Then I once remember having a desperate desire to become a nurse, when I saw Rosamund John act so wonderfully well in The Lamp Still Burns; but it was a mere whim because I liked the film so much, and passed away in a matter of days.

So to the present day. The cinema is my main source of entertainment, and I am not really difficult to please as far as films are concerned. I like most kinds of productions but my favourites are flying epics, such as A Guy Named Joe and Thirty Seconds Over Tokyo, and straight dramatic stories, of the kind that Old Acquaintance represents. I have a deep admiration for Van Johnson, Irene Dunne, Bette Davis and Spencer Tracy; I envy them because their kind of life is so far beyond my reach, because the work they do is so hard and so very interesting, a job after my own heart.

Films have a great influence upon me. I find myself trying to be original in my method of attire, and copy Hollywood beauty ‘tips’ when using make-up: I find it hard to control the emotions aroused by a touching or very dramatic scene, and I cry very easily. The desire to become an actress is still prevalent and my interest in drama has increased. Thus I have become rather dissatisfied with my present existence and with the neighbourhood in which I live, but I love home life and, until the world is at peace again and our loved ones are safely restored to us, I am content to remain as I am, and just to plan and dream about a long awaited trip to that intriguing city of Hollywood, to see for myself everything and everyone that contributes to the making of the entertainment I love so much.

Comments: J.P. (Jacob Peter) Mayer was a German sociologist at the London School of Economics. His British Cinemas and their Audiences collates motion picture autobiographies submitted through competitions in Picturegoer magazine. This contribution comes from the section ‘Films and the Pattern of Life’. The films mentioned are Flash Gordon’s Trip to Mars (USA 1938, serial), The Lamp Still Burns (UK 1943), A Guy Named Joe (USA 1943), Thirty Seconds Over Tokyo (USA 1944) and Old Acquaintance (USA 1943).

Saturday Morning Cinema in the 1930s

Source: Terry Gallacher, ‘Saturday Morning Cinema in the 1930s’, from Terence Gallacher’s Recollections of a Career in Film, http://terencegallacher.wordpress.com/2010/11/23/saturday-morning-cinema-in-the-1930s, published 23 November 2010

Text: I did not visit the cinema very often during my childhood. The seats cost four to six pence during the week, so I would be taken by my mother or my father. My mother would take me in the afternoon so that we could get home for her to get dinner on.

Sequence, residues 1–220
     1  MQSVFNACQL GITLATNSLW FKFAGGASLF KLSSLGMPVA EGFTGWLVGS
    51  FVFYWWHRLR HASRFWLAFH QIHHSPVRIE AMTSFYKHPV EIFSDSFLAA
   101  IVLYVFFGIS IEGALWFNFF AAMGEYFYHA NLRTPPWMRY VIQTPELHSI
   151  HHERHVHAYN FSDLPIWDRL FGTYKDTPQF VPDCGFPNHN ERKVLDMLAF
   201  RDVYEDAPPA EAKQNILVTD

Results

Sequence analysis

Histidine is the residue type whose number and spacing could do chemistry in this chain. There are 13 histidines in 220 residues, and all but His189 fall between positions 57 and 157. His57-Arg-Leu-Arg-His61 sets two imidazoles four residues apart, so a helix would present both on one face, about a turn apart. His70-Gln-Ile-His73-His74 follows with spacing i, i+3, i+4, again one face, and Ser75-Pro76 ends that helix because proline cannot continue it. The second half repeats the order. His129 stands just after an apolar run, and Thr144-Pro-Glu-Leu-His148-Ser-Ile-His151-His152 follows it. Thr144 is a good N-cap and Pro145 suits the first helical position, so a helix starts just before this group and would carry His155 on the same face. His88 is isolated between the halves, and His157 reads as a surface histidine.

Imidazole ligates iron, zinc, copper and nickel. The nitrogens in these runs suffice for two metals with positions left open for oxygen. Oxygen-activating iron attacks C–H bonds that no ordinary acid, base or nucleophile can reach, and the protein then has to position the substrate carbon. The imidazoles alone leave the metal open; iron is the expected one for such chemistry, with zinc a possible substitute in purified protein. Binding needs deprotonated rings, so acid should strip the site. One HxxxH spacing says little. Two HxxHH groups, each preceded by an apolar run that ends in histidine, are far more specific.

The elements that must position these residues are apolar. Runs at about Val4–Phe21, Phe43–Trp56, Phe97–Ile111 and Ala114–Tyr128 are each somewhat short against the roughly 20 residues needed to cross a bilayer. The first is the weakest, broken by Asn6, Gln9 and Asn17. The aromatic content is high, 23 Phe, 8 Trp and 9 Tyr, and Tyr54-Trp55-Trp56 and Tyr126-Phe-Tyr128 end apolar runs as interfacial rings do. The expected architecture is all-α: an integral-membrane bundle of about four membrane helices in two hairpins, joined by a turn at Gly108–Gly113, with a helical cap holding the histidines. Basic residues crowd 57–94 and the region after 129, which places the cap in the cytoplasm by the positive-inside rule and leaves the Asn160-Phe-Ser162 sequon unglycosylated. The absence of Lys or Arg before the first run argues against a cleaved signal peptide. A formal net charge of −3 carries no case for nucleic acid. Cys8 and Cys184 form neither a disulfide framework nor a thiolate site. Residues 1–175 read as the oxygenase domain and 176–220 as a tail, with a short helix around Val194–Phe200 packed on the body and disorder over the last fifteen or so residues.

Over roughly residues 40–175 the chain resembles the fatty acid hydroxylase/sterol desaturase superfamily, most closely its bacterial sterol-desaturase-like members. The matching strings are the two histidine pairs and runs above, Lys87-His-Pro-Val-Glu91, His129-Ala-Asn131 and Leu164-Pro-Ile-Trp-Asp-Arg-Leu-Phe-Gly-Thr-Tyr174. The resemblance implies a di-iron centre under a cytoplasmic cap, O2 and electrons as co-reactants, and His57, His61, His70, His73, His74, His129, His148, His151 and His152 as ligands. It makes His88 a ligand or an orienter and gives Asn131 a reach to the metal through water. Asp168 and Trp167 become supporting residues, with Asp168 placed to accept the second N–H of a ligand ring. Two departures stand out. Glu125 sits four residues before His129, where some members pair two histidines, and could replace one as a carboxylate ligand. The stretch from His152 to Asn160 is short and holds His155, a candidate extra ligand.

I always knew why my father took me to the cinema. He would always fall asleep soon after arrival and would sleep through until it was time to go home. My father relied on me to wake him up at the appropriate time and then tell him what the film was all about. I think that, maybe, at this time I started the process of learning to be a film editor for which memory is everything.

My principal visits to the cinema were on a Saturday morning. It was a ritual which started in 1937. Around eight o’clock in the morning, I would approach my mother for some pocket money. She might give me two pennies, sometimes three, my dad would give me the same. On a bad week, I would have as little as three pence in total. Then I would go up to my Granddad’s room and ask him if he had any money for me to go to the pictures. He would ask me to pass him his small terracotta jar, with a lid, from here he took out some farthings and he would count out four. I had to have four pence to get into the Moorish styled cinema, the Alcazar which started at nine in the morning and ran until midday. Here we would see a couple of “B” movies about kids and animals and then a large number of serials like “Tailspin Tommy”, “The Perils Of Pauline” and “Flash Gordon” and films such as “Tarzan” with Johnny Weissmuller, and the “b westerns” of “Buck Jones” and “Tim McCoy”.

Of course, they were all designed to get us back there next week. Mostly these cliff-hangers were cheating us. Tailspin Tommy would be left plunging to earth in a dive that he could not possibly pull out of. Next week, he would be seen about a hundred foot higher and he pulls out of the dive without a problem. Thus I occupied my Saturday mornings.

The audience were exclusively children, no adults were allowed. Most of the children were restless and rowdy. Frequently the noise of the audience would be greater than the characters on the screen. At this point, the resident warder would march down the centre aisle shouting “Quack”, “Quack”. With my fourpenny ticket, I could sit in the circle, far away from the rabble below. They were so bad, fights were not unknown among the roughest of them. If I could not have got fourpence to sit in the circle, I would not go. It took me a long time to work out that the warder was shouting “Quiet”, it really did sound like “Quack”.